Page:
And so he built an army of streetwise killers, mainly Moroccans and Algerians, and unleashed them on his rivals. (141)
He was big and bluff, with a face like an Easter Island statue and a baritone voice that rattled the beams in the old house's vaulted entrance hall. (314)

"So," said Seymour finally, "how does it feel to be a member of the club?"
"Our chapter of the club isn't as grand as yours," said Gabriel, glancing around the magnificent office. "Not as old."
"Wasn't it Moses who dispatched a team of agents to spy out the land of Canaan?"
"History's first intelligence failure," said Gabriel. "Imagine how things might have turned out for the Jewish people if Moses had chosen another plot of land."
"And now that plot of land is yours to protect."
"Which explains why my hair is growing grayer by the day. ..." (97-8)

No touching:
In fact, Herr Müller liked looking at Olivia more than her paintings. He was not alone. Her looks were a professional asset, but on occasion they were a distraction and a waste of time. Rich men―and some not so rich―made appointments at the gallery just to spend a few minutes in her presence. Some screwed up the nerve to proposition her. Others fled without ever making their true intentions known. She had learned long ago how to project an air of unavailability. While technically single, she was JLM's girl. Everyone in France knew it. It might as well have been stamped on her forehead. (228)

"Fifty percent!" Martel waved his hand dismissively. "Madness."
"It is my final offer. If you wish to remain my distributor, I suggest you take it."
It was not Mohammad Bakkar's final offer, not even close. Martel knew this, and so did Bakkar himself. This was Morocco, after all. Passing the bread at dinner was a negotiation.
And on it went for several more minutes, as fifty shrank to forty-five and then forty and finally, with an exasperated glance toward the heavens, thirty. And all the while Mikhail was watching the man who was watching him. (400-1)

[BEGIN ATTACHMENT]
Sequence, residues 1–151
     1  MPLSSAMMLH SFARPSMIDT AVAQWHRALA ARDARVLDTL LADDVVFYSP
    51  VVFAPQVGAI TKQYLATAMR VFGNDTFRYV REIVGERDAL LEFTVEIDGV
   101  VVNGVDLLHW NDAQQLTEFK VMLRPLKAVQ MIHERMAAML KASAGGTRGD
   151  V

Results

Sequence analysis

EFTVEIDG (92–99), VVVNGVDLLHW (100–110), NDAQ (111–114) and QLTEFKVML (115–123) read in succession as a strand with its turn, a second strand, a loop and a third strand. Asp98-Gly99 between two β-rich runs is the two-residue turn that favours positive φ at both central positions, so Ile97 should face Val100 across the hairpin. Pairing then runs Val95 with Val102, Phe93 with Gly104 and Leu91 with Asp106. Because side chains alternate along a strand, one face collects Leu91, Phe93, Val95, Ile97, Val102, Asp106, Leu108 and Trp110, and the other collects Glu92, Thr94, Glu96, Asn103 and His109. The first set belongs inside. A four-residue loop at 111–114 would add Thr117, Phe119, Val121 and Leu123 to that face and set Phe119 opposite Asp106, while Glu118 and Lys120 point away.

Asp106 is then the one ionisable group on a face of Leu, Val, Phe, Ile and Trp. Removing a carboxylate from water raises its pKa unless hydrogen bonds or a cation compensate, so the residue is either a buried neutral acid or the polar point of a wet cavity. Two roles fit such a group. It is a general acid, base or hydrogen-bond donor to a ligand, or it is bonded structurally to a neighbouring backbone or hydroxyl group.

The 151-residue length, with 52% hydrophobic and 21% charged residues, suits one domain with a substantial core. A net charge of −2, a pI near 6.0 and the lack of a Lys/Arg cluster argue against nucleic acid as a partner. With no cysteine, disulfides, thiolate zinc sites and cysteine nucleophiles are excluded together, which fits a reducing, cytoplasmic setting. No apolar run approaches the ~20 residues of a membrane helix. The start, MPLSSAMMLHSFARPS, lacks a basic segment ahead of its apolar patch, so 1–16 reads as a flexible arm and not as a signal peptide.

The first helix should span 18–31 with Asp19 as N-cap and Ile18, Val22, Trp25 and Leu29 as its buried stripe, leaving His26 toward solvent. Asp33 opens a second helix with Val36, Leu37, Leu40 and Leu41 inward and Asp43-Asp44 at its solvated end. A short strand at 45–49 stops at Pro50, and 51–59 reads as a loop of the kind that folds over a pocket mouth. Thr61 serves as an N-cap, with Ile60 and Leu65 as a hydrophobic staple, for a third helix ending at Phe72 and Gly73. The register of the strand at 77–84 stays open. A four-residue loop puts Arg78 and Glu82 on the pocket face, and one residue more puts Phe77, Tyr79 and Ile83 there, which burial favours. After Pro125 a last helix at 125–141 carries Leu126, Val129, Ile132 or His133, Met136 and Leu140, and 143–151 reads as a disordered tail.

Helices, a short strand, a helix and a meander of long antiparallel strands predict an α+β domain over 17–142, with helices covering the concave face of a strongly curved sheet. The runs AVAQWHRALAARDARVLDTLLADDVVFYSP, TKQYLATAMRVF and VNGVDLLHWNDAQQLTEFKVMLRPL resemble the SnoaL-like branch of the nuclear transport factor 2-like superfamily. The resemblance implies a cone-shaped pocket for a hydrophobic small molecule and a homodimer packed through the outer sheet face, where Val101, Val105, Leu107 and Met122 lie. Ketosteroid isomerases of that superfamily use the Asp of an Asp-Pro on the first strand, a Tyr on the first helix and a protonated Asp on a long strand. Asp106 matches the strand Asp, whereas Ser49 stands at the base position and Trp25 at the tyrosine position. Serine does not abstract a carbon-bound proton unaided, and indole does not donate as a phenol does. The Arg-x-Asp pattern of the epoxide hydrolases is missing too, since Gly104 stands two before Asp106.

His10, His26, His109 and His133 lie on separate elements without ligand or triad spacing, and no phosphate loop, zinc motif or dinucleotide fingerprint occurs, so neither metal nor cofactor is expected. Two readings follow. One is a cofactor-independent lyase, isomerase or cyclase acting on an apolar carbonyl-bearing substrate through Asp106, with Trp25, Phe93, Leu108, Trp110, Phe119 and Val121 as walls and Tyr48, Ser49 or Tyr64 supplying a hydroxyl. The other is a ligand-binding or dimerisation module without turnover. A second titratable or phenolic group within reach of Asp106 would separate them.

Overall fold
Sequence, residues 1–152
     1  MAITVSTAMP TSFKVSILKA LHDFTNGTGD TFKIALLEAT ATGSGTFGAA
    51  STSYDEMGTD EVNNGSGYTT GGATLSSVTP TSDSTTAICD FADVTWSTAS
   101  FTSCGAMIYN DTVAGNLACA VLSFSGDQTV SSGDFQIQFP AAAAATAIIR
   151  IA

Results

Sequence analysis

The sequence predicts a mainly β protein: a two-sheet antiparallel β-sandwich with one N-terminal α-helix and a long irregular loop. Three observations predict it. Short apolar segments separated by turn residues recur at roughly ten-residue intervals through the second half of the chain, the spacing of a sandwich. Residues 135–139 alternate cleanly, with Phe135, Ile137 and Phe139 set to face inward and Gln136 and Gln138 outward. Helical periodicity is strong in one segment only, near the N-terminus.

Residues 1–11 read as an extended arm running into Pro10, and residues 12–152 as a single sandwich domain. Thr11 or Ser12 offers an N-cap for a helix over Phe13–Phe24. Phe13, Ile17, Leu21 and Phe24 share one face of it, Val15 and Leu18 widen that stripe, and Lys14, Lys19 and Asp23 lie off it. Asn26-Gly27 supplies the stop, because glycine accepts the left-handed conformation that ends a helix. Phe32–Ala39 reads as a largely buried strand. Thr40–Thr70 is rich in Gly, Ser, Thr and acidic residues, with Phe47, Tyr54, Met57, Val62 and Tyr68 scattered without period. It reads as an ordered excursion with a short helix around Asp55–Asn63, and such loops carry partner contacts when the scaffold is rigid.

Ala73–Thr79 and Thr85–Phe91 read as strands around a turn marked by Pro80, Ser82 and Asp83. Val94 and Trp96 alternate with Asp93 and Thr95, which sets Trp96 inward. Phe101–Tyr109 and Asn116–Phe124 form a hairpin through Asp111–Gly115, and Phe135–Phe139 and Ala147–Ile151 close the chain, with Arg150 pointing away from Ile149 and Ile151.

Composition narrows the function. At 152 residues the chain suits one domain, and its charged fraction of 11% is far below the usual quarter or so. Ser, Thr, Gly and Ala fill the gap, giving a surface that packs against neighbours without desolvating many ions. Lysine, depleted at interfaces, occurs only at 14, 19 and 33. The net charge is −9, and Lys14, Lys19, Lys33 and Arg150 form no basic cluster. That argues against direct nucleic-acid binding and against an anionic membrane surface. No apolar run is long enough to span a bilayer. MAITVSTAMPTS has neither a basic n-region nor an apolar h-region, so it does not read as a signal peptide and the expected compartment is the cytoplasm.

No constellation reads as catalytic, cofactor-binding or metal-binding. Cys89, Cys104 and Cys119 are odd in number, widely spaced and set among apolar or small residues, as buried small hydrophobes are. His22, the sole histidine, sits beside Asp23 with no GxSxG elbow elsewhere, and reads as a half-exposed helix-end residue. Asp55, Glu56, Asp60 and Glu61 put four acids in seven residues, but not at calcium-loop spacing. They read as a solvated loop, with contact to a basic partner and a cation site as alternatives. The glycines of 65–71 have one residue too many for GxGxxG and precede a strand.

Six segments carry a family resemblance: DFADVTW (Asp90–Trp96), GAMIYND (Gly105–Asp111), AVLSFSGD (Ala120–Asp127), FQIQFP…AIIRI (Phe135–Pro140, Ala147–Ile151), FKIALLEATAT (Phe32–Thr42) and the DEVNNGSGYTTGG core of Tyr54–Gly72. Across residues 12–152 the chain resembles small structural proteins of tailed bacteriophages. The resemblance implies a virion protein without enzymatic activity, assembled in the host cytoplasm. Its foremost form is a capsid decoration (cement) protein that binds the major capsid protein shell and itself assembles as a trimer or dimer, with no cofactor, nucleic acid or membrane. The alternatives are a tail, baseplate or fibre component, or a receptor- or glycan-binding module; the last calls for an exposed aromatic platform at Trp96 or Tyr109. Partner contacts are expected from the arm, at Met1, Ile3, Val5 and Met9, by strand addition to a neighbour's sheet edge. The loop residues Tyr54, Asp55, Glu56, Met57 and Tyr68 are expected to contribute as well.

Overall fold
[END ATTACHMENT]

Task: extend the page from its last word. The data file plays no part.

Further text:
26 October 2017

Library Limelights 144

Peter James. Dead Simple. 2005. UK: Pan Books/Macmillan, 2011.
A stag night prank spins out of control: the groom-to-be, Michael, lies underground in a coffin, lord knows where, all contact lost. Brrrr ... our attention is engaged. The lovely bride-to-be Ashley is frantic; Michael's business partner Mark is distraught. Detective Superintendent Roy Grace of the Sussex police is reluctantly drawn into the missing person investigation by his friend DS Glenn Brannon. Grace is suffering peer ridicule over consulting a mystic on a previous case and the mysterious disappearance of his wife Sandy still haunts him. Suspense becomes almost unbearable as the cops work 24/7 to locate Michael; how long can someone like that survive?

But buried alive is not the only creepy aspect to this story. Grace and Brannon suspect someone is lying about events behind the search. Who among Michael's circle is not who they seem? Will a walkie-talkie save Michael? Culminating in a long, breathless car chase that seems written for a movie script, credibility is stretched regarding a new villain and an evil woman. James is new to me — another green light on the waiting list.

His friend looked like a laboratory experiment. (40)
The best predators were the most patient ones. (82)
It looked like an infant had texted them, not a grown man. (386)

Routine gave you structure. Structure gave you perspective. And perspective gave you a horizon. (50)

"Roy, what I know is that you are an intelligent man. I know that you've studied the paranormal and that you believe. I've seen the books in your office, and I respect any police officer who can think out of the box. But we have a duty to the community. Whatever goes on behind our closed doors is one thing. The image we present to the public is another." 
[annoying, uncooperative font change] "The public believe, Alison. There was a survey taken in 1925 of the number of scientists who believed in God. It was forty-three per cent. They did that same survey again in 1998, and guess what? It was still forty-three per cent. The only shift was that there were fewer biologists who believed, but more mathematicians and physicists. There was another survey, only last year, of people who had had some kind of paranormal experience. It was ninety per cent!" He leaned forwards. "Ninety per cent!" (64-5)